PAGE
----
DD1491 Commissioning Fund – Tolworth Area Plan

Type of decision: 
Director's decision
Date signed: 
05 April 2016
Decision by: 
Fiona Fletcher-Smith, Executive Director of Development, Enterprise and Environment

Executive summary

Approval was obtained in the High Street Fund report to IPB in January 2015 for a £400,000 ‘Commissioning Fund’ to develop a pipeline of projects in areas of London where there is strong growth potential. 

This decision concerns a project in Tolworth, RB Kingston


The Executive Director approves expenditure of up to £50,000 of grant funding to the Royal Borough of Kingston towards its costs for the procurement and appointment of a consultant to produce a Regeneration Strategy for Tolworth, which will be referred to as the ‘Tolworth Area Plan’.


Part 1: Non-confidential facts and advice

Introduction and background

1.1.    Approval was obtained in the High Street Fund report to IPB in January 2015 for a £400,000 ‘Commissioning Fund’ to develop a pipeline of well scoped regeneration projects in areas of London where there is strong growth potential, which may have had limited attention to date. The request was made in the light of advice from the High Street Fund moderation panel, that there was a lack of strong proposals from certain areas of London and in particular from some areas which have strong growth potential. The aim of the commissioning fund is to redress this imbalance. 

1.2.    This was signed off in MD1469, which encompassed the decision to delegate allocation of the fund to the Executive Director Development Enterprise and Environment.

1.3.    The project brought forward in this decision is the Tolworth Area Plan (£50,000).

1.4.    The scope of the project has been discussed with RB Kingston and will be further defined through the drafting of a brief /specification of works.

1.5.    The GLA contribution of £50,000 is as a grant award to RB Kingston for the procurement of a consultant to undertake the Tolworth Area Plan study. RB Kingston will procure the services in accordance with the Public Contracts Regulations 2015. 

1.6.    The commission will bring  benefit to the GLA’s  work currently underway with RB Kingston on the Kingston Opportunity Area Planning Framework and directly fits with mayoral priorities around Crossrail 2 and the earlier approvals related to the objectives of the commissioning fund

Objectives and expected outcomes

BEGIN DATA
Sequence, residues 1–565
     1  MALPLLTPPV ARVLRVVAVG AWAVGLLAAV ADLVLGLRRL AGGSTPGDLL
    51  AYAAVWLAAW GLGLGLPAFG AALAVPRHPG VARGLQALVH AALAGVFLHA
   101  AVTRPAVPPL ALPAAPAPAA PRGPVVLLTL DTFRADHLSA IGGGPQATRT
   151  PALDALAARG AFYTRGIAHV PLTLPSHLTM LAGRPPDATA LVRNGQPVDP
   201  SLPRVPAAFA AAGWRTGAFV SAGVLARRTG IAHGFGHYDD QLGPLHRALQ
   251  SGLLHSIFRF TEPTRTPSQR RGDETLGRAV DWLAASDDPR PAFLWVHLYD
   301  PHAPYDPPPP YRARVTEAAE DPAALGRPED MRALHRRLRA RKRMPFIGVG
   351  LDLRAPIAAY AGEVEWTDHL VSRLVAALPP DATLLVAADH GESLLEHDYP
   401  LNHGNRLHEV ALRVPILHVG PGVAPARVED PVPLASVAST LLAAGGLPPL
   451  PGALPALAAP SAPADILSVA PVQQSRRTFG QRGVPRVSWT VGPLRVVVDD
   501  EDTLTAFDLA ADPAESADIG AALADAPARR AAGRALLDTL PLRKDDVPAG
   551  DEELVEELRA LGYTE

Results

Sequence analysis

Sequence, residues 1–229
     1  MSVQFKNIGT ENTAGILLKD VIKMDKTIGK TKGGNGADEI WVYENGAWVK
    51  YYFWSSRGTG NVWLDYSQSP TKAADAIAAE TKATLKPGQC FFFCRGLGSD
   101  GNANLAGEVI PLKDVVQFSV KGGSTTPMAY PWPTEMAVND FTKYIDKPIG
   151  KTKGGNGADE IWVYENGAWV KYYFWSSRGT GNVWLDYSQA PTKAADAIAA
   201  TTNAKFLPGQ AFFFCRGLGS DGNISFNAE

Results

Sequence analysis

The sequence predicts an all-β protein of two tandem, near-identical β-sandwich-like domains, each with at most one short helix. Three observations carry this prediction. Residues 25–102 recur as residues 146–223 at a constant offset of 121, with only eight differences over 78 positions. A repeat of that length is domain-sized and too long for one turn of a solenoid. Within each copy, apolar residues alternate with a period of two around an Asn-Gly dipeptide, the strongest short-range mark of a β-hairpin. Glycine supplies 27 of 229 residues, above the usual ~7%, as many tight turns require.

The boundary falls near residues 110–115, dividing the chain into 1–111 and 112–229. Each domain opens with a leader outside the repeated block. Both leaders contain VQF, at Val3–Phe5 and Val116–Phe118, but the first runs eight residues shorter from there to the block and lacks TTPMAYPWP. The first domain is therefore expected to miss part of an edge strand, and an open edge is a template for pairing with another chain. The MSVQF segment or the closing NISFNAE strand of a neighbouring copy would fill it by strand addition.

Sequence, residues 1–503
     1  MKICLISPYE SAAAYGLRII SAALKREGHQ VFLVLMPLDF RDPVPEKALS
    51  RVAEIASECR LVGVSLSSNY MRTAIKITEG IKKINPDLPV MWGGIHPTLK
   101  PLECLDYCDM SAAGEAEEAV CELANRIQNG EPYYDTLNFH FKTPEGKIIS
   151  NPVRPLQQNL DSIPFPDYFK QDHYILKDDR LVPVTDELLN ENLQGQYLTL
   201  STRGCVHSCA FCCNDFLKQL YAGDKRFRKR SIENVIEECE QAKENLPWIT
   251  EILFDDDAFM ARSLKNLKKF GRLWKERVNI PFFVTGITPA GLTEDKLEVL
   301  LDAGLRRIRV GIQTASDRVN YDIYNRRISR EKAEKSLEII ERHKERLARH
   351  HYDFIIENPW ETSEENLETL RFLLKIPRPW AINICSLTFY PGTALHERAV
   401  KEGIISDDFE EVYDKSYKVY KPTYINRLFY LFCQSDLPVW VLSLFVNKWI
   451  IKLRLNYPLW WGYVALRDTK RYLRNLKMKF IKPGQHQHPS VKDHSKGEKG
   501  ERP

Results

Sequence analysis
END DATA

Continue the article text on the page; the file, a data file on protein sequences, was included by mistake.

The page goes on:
2.1.    Commissioning Fund 

2.1.1.    The general criteria for selecting projects for funding, in order to identify suitable areas of London in which to develop pipeline projects, follows that described in the Accommodating Growth in Town Centres report. The report identifies three characteristics for areas to receive regeneration funding. They should have the potential for intensification, be under threat of decline as a result of structural change and there should be a local commitment and capacity to deliver intensification.

2.1.2.    It is likely that priority areas for intervention will be in the middle category of centres where the greatest retail restructuring is expected. Further indicators would be persistently high vacancy rates for retail floor space, a worsening retail offer, a poor qualitative experience, a high proportion of comparison goods relative to the size of centre, retail rents that are low by sub-regional standards and are stagnant or declining, high levels of secondary office space, land availability for residential development, high levels of public transport accessibility and planned transport improvements that might improve accessibility.

2.1.3.    Prior to presenting projects for the commissioning funding, the GLA’s Regeneration team has spent time with boroughs to develop a series of project proposals. A long list of potential projects was also discussed with the chair of the Mayor’s Design Advisory Group in May 2015. This included Erith (LB Bexley), Crystal Palace (cross borough), Wimbledon (LB Merton), Tolworth (LB Kingston), Church End (LB Brent), North Acton (LB Ealing), Uxbridge Road (LB Hillingdon), Feltham (LB Hounslow), Enfield Town (LB Enfield), and Ilford (LB Redbridge).

2.1.4.    The type of support that is proposed to be provided through the commissioning fund varies depending on the degree to which development work has been undertaken by the borough, local business or community organisation, from town centre strategies to more focussed place specific development projects aimed at addressing the threats and opportunities outlined above. 

2.2.    Tolworth Background

2.2.1.    Tolworth is the District Centre, which stretches out along Tolworth Broadway and Ewell Road with its landmark Tolworth Tower offices. Outside the District Centre, the prevailing character is two storey housing with a population of around 20,000. To the south of the A3 across Tolworth roundabout, there is housing, leisure facilities, Tolworth Station, the depot, large green spaces and several sites awaiting redevelopment. The A3 and A240 strategic roads with their high levels of traffic, congestion, noise and air pollution have a significant effect on Tolworth’s environment and act as barriers separating residential areas, the District Centre, the Station, leisure facilities and open spaces. 

2.2.2.    Tolworth Broadway is the main retail and commercial area of Tolworth District Centre and a key route into Kingston from the A3 and the south. Its boulevard characteristics (grand scale and proportions, simple formality and some tree planting) form a long linear space with a wide section, flanked by formal retail parades dating from the 1930s and 1950s that are an attractive set piece. These features contribute towards the potential to improve the environment and attraction of the Broadway, reduce the dominance of traffic and improve crossing facilities. The subway across Tolworth Broadway was replaced with a surface crossing in 2008, but the unpopular pedestrian subways under Tolworth roundabout remain. 

2.2.3.    The 22 storey Tolworth Tower complex designed by Richard Seifert in the1960s is a local landmark which accommodates shops, a bar, offices, a hotel and parking, it has significant improvement potential. To the rear of the Broadway, former shop premises in Ewell Road and the Tolworth Close area also require improvement. At the northern end of the District Centre, the Red Lion PH on the corner of Ewell Road and Red Lion Road is awaiting redevelopment. To the south of the A3, Tolworth has a mixed character, with disparate frontages and uses and sites awaiting redevelopment, the largest of which is the cleared government offices, Marshall House and Toby Jug site.